Tunisian director Ala Eddine Slim’s 2016 debut “The Last of Us” garnered a certain cult following after its Venice premiere thanks to the film’s intriguing, at times mesmeric images in which the lead literally fades into his environment. With his followup “Tlamess,” the filmmaker initially appears to be charting new paths until about one-quarter in, when he returns to the idea of a loner becoming one with his surroundings. The concern isn’t the sense of déjà vu — viewers enthralled by the first might be just as happy to re-engage with Slim’s singular vision — so much as his problematic approach to the female character, relegated to being merely a vessel made superfluous once her biological function is over. The conceit is troubling no matter how the opaque scenes are read, making “Tlamess” (the word means an enchantress’ spell as well as something inexplicable) a difficult sell outside avant-garde-leaning festivals.
In “The Last of Us,” the protagonist was a refugee looking to escape his North African home; in Slim’s latest, the man, known only as S (Abdullah Miniawy), is a deserter who runs away from the army after his mother’s death. The opening scenes are beautifully composed, playing with light and darkness, shadow and silhouette, as the soldiers cross a moonlit river and then in daylight move through a desert ravine where a Qaba-like black monolith incongruously sits in the landscape. Information is intelligently delivered through the visuals rather than the almost nonexistent dialogue, conveying mood far more sensitively than mere words.
When his leave period expires and the military police come for him, S slips out and escapes through a dystopian landscape of empty plots, half-constructed cement buildings and grey colorless skies, the bleakness emphasized by a crescendo of dissonant noise on the soundtrack. He breaks into an empty apartment on the edge of nowhere but winds up fleeing, naked, when the cops arrive. As he walks, endlessly, through rocky terrain strewn with what looks like rubbish, the noise becomes more oppressive until the scene suddenly shifts to a woman, F (Souhir Ben Amara), sitting contemplatively in a child’s room, soon revealed to be a furniture store.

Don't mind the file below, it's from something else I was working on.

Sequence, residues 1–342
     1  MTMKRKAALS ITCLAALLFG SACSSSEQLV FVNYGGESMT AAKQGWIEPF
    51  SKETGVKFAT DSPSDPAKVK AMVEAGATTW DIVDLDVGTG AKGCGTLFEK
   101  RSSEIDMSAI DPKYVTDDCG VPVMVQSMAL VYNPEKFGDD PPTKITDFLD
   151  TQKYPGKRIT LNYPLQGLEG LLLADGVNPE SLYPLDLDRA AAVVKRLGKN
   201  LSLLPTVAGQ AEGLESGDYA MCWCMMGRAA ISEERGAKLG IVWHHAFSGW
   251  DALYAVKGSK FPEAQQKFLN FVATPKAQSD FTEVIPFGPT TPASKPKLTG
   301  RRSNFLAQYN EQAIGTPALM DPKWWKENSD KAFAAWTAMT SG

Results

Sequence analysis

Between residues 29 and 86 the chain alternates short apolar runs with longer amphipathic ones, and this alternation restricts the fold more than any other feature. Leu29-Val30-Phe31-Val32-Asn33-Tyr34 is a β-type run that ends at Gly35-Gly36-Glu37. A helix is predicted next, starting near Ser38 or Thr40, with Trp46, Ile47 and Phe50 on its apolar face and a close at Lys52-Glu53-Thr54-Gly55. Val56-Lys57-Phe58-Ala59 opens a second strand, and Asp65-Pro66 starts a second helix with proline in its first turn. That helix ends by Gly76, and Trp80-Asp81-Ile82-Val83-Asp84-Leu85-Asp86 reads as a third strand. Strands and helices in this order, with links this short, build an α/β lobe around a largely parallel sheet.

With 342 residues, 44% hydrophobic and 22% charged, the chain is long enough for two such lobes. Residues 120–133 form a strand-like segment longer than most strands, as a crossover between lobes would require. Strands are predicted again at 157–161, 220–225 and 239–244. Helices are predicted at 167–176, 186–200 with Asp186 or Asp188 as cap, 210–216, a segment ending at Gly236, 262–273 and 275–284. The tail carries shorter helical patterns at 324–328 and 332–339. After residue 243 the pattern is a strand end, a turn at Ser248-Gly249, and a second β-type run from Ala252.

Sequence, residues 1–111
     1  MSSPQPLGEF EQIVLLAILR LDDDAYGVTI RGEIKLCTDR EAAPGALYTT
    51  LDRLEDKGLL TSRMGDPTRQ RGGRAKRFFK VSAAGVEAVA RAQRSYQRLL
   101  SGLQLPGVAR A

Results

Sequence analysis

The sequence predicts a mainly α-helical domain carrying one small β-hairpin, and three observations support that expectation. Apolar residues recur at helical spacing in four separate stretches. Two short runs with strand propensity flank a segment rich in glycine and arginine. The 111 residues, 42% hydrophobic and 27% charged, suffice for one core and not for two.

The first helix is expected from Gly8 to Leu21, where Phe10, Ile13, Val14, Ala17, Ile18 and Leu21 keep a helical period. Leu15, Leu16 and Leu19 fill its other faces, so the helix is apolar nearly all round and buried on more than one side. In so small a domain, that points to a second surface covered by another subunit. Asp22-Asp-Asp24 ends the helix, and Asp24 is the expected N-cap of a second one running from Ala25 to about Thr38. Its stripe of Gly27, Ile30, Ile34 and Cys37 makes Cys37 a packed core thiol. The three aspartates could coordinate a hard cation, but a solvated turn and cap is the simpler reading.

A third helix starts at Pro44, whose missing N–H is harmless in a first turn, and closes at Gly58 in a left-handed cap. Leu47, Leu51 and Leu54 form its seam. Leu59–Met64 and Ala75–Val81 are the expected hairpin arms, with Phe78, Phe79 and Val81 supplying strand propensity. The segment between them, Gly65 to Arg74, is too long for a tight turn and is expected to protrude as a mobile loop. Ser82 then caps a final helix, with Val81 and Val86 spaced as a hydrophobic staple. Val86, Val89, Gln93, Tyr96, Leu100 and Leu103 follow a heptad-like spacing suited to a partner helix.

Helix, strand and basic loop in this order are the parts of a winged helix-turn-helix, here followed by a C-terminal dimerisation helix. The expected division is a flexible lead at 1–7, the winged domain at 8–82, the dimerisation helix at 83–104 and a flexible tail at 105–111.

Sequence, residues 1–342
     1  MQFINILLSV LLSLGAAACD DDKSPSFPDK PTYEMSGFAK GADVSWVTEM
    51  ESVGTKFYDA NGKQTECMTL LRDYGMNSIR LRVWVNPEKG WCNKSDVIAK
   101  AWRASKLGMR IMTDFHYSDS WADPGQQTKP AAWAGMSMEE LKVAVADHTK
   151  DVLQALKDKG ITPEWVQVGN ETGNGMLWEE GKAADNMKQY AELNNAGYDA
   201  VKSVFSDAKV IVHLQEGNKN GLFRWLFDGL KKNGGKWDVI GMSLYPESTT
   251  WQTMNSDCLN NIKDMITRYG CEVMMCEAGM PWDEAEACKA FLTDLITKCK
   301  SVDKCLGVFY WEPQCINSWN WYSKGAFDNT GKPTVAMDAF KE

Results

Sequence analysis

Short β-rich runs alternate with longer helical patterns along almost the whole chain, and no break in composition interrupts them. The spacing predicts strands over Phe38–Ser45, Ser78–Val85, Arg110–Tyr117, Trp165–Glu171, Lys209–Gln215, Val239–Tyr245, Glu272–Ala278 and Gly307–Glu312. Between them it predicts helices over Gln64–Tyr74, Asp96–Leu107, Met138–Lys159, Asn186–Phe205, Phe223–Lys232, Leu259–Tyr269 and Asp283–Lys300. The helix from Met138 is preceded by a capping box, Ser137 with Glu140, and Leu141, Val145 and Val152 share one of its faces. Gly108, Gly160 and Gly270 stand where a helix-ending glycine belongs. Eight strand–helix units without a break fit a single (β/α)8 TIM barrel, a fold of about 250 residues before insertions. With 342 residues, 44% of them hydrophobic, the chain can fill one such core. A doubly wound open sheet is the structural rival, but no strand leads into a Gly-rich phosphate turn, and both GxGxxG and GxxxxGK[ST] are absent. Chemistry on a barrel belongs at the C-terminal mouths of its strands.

Slim curiously disrupts the subtle way he’s guided the narrative up to this point with a shot of F looking at a sonogram — a heavy-handed way to convey that she’s pregnant and uncertain about it. Unsettled by life with her wealthy husband (Khaled Ben Aissa) in their luxury villa where the newly-delivered furniture is still in plastic wrap, F wanders into the forest and meets S; she faints and he takes her to a sort of underground bunker. When she wakes, the two magically communicate telepathically, conveyed by subtitles under large closeups of their eyes. She’s basically a prisoner at first, until predictably F starts to trust S as he tends her expanding belly in anticipation of the day she’ll give birth.
As if the whole pseudo-Stockholm syndrome thing weren’t bad enough, Slim takes it further with a scene of mythological ramifications that disturbingly marginalizes F’s place as mother and partner and potentially her place in the environment. Whether that was his intention is hard to determine — it could be that he was aiming to show a perfect symbiosis between the sexes and nature, in which case he needed to balance the man and woman far more carefully than he’s done here.
A much more rewarding take-away is the beguiling art direction by artist Malek Gnaoui, especially toward the end when the sense of greenery reclaiming the forest becomes so sensorial one can almost smell the damp undergrowth. It’s not quite reward enough for slogging through what becomes an ever-distancing marathon in love with its own inscrutability (not to mention S’s bruised buttocks), but at least it provides some visual pleasure otherwise largely lost in the ponderous mid-section. Earlier though, when it’s still unclear where Slim is going with it all, Amine Messadi’s highly controlled camera provides moments that quietly impress, such as a terrific drone shot down a street at night.